Pater's Parerga: Framing the Imaginary Portraits
2013 (English)In: Victoriographies, ISSN 2044-2416, Vol. 3, no 2, 119-135 p.Article in journal (Refereed) Published
Walter Pater’s late-nineteenth-century literary genre of the imaginary portrait has received relatively little critical attention. Conceived of assomething of a continuum between his role as an art critic and hisfictional pursuits, this essay probes the liminal space of the imaginary portraits, focusing on the role of the parergon, or frame, in his portraits. Guided by Pater’s reading of Kant, who distinguishes between thework (ergon) and that which lies outside of the work (the parergon), between inside and outside, and contextualised alongside the analysis of Derrida, who shows how such distinctions have always already deconstructed themselves, I demonstrate a similar operation at work in the portraits. By closely analysing the parerga of two of Pater’s portraits, ‘Duke Carl of Rosenmold’ (1887) and ‘Apollo in Picardy’ (1893), focusing on his partial quotation of Goethe in the former, and his playful autocitation and impersonation of Heine in the latter, I arguethat Pater’s parerga seek to destabilise the relationship between text and context so that the parerga do not lie outside the text but are implicated throughout in their reading, changing the portraits constitutively. As such, the formal structure of the parergon in Pater’s portraits is also a theoretical fulcrum in his aesthetic criticism and marks that space where the limits of, and distinctions between, art and life become blurred.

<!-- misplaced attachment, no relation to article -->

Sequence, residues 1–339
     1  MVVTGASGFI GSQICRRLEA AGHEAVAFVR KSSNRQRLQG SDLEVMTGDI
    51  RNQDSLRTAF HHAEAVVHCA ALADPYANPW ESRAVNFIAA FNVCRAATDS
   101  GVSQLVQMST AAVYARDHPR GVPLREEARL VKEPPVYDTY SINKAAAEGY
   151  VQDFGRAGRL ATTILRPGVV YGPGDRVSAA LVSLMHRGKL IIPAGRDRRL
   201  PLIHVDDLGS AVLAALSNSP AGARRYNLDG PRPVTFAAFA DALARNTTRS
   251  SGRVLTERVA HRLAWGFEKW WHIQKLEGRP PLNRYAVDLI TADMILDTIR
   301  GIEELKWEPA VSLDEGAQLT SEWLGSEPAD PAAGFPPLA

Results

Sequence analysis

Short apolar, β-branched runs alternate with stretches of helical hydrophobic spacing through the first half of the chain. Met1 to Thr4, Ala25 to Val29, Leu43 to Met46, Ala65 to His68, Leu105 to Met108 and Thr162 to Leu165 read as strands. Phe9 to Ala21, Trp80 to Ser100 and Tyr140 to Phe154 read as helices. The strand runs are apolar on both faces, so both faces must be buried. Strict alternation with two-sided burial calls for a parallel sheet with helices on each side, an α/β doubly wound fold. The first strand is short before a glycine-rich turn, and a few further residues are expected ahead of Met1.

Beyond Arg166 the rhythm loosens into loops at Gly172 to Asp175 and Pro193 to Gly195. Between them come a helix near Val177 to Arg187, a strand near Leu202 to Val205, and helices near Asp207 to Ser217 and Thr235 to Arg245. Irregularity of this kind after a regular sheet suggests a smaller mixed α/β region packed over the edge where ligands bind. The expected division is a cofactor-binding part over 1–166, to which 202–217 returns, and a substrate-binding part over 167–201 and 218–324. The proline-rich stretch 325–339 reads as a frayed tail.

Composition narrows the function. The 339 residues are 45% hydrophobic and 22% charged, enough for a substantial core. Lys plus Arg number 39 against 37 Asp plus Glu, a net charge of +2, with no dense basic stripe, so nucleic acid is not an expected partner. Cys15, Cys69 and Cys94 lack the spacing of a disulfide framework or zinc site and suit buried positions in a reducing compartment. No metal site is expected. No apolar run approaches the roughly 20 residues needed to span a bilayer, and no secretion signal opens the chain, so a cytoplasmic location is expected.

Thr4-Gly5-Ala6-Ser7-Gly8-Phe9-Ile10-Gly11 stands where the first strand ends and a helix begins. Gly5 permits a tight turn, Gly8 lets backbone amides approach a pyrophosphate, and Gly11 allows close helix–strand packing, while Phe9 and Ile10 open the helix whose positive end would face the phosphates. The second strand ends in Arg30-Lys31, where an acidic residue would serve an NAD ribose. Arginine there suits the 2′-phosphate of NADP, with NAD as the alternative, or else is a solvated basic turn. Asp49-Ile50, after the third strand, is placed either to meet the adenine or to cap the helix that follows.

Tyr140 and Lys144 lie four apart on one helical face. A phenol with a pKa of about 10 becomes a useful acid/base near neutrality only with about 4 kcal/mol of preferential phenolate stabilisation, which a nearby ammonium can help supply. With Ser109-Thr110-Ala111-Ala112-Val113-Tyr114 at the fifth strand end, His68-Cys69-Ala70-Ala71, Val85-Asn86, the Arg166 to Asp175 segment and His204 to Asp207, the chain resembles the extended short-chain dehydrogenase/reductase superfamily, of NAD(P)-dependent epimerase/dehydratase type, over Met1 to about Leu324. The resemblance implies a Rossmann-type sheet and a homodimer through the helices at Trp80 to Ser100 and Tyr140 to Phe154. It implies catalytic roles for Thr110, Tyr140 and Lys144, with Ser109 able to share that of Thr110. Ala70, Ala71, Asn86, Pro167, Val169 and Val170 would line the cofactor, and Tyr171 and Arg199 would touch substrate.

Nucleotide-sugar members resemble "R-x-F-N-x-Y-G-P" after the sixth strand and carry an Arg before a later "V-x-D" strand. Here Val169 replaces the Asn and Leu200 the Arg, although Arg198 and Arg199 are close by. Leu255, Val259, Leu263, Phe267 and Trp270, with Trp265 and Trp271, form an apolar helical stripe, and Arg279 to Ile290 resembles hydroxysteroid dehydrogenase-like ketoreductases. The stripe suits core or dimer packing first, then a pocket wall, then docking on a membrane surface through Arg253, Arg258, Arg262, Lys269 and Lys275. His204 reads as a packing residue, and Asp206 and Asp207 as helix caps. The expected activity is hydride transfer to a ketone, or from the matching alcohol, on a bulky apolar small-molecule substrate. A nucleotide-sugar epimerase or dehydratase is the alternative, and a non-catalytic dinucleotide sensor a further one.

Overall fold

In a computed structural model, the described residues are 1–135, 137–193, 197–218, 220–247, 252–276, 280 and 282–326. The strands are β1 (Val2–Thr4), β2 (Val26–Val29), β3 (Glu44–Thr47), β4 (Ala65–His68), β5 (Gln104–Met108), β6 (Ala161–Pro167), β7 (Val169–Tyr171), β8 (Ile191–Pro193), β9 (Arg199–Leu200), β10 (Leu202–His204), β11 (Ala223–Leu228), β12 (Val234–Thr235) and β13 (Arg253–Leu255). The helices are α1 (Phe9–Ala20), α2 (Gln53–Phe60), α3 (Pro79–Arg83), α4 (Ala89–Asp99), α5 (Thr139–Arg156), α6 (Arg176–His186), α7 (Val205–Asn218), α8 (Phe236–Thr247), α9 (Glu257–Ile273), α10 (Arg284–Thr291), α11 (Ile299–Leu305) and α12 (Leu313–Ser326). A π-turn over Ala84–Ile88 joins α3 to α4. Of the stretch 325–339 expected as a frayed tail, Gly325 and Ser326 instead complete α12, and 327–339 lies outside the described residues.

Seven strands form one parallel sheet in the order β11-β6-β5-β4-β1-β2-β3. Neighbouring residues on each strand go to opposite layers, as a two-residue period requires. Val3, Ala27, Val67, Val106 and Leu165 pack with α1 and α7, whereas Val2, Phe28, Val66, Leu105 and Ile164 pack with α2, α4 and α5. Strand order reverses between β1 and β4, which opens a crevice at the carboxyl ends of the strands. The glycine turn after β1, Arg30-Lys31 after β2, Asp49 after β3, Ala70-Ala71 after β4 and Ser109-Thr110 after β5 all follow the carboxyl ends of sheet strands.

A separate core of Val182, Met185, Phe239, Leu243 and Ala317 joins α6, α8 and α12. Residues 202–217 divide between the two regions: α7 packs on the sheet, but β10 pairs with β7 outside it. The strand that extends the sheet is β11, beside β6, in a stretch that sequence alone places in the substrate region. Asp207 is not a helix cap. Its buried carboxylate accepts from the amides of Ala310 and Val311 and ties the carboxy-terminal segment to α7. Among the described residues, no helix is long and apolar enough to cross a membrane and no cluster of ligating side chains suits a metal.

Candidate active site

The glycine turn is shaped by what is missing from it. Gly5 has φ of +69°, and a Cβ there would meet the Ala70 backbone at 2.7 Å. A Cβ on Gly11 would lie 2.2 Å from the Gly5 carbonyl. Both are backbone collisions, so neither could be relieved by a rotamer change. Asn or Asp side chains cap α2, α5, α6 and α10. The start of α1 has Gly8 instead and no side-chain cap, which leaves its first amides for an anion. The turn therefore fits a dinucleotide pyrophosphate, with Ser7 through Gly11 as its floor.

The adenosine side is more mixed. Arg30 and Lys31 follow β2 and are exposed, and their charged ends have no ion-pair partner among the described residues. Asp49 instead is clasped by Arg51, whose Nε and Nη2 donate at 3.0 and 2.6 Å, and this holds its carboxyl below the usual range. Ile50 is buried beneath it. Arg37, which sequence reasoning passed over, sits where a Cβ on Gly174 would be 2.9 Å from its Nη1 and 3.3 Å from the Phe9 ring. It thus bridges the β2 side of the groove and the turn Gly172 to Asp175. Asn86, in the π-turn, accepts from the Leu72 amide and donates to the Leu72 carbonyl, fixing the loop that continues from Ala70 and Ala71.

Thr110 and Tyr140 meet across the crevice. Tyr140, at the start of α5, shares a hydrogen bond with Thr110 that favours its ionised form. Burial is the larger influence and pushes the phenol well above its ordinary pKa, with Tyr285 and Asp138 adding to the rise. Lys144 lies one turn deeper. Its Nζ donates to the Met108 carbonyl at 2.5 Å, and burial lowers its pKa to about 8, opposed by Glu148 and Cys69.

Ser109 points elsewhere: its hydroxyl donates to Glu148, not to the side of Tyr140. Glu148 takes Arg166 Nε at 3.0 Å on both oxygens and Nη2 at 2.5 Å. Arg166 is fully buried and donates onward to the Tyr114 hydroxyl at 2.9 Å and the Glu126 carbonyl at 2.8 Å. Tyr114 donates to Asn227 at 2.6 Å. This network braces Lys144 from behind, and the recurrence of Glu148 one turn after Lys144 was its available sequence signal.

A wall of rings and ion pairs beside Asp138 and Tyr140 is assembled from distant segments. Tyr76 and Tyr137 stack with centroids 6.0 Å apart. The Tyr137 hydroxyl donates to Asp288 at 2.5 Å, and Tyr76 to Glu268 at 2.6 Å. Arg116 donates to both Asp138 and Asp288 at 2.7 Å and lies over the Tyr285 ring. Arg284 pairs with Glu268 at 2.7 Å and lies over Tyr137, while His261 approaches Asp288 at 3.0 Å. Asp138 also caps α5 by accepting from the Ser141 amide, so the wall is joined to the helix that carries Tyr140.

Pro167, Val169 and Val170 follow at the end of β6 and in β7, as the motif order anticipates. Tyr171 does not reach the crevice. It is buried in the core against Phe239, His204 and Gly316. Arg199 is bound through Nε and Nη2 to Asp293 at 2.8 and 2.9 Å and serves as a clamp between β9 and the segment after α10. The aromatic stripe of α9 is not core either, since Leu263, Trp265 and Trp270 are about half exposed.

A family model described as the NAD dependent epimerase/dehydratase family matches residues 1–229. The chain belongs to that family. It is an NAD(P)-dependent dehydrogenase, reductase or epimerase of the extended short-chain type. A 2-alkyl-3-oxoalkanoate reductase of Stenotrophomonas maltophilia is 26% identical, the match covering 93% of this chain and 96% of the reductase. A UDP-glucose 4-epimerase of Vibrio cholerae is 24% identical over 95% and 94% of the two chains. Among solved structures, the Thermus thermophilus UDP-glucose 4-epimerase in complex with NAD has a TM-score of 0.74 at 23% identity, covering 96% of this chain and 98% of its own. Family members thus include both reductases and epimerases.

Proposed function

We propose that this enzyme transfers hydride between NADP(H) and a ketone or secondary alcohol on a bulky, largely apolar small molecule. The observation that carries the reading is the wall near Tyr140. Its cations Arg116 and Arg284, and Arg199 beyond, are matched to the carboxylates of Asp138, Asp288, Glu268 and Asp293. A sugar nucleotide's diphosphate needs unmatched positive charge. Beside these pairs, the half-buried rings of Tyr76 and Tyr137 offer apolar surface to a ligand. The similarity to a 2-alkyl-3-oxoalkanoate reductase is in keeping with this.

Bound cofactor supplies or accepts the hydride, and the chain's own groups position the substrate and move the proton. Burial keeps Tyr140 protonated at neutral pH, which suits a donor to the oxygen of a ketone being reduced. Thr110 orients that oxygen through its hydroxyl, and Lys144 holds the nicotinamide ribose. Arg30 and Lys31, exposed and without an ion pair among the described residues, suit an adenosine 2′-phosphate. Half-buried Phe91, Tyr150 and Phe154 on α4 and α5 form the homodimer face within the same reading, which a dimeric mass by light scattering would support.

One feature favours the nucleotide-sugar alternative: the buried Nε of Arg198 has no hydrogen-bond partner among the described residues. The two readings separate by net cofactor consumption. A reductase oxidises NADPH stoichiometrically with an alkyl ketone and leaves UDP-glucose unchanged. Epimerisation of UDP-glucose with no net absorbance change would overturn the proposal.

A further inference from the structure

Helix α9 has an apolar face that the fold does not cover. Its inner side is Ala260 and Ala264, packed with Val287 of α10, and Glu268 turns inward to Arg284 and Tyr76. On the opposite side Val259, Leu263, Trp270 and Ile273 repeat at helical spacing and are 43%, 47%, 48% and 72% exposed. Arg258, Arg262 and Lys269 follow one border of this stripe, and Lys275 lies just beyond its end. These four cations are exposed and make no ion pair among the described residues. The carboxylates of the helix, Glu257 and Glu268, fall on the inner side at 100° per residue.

Place, publisher, year, edition, pages
Edinburgh: Edinburgh University Press, 2013. Vol. 3, no 2, 119-135 p.
Walter Pater, Imaginary Portraits, Parerga/Parergon, Duke Carl of Rosenmold, Apollo in Picardy, Jacques Derrida, Immanuel Kant
Languages and Literature
Research subject Literature; English
IdentifiersURN: urn:nbn:se:su:diva-130905DOI: 10.3366/vic.2013.0128OAI: oai:DiVA.org:su-130905DiVA: diva2:934146